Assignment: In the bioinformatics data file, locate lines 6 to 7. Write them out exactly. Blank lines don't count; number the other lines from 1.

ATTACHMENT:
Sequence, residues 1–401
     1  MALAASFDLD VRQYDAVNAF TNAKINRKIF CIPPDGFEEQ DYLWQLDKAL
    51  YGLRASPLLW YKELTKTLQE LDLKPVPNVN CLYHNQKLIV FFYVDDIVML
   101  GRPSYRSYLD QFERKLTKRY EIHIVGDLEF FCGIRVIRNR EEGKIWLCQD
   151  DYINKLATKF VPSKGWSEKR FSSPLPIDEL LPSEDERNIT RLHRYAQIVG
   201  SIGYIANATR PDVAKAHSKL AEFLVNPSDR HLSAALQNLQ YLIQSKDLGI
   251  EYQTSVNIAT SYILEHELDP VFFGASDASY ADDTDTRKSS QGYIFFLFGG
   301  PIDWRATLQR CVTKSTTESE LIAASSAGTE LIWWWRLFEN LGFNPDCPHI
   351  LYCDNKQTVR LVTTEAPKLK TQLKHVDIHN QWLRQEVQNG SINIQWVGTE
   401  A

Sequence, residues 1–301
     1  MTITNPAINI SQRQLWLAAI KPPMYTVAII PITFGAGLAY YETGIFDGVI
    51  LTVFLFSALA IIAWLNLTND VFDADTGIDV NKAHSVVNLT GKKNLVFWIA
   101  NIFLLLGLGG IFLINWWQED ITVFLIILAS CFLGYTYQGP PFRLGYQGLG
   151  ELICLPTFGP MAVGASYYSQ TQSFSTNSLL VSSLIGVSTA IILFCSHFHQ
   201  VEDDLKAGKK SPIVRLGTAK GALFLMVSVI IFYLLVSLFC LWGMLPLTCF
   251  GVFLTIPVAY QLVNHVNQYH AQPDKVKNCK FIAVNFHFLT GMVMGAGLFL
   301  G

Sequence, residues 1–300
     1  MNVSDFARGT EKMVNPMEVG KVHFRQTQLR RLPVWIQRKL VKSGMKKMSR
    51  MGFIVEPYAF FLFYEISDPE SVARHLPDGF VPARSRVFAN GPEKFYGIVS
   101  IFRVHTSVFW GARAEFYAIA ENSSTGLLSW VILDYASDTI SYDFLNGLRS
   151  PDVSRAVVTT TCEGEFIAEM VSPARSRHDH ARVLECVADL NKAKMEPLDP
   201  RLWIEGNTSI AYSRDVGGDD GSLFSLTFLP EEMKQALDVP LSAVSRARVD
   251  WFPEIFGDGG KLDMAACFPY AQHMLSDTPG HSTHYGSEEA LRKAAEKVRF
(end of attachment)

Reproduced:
   201  SIGYIANATR PDVAKAHSKL AEFLVNPSDR HLSAALQNLQ YLIQSKDLGI
   251  EYQTSVNIAT SYILEHELDP VFFGASDASY ADDTDTRKSS QGYIFFLFGG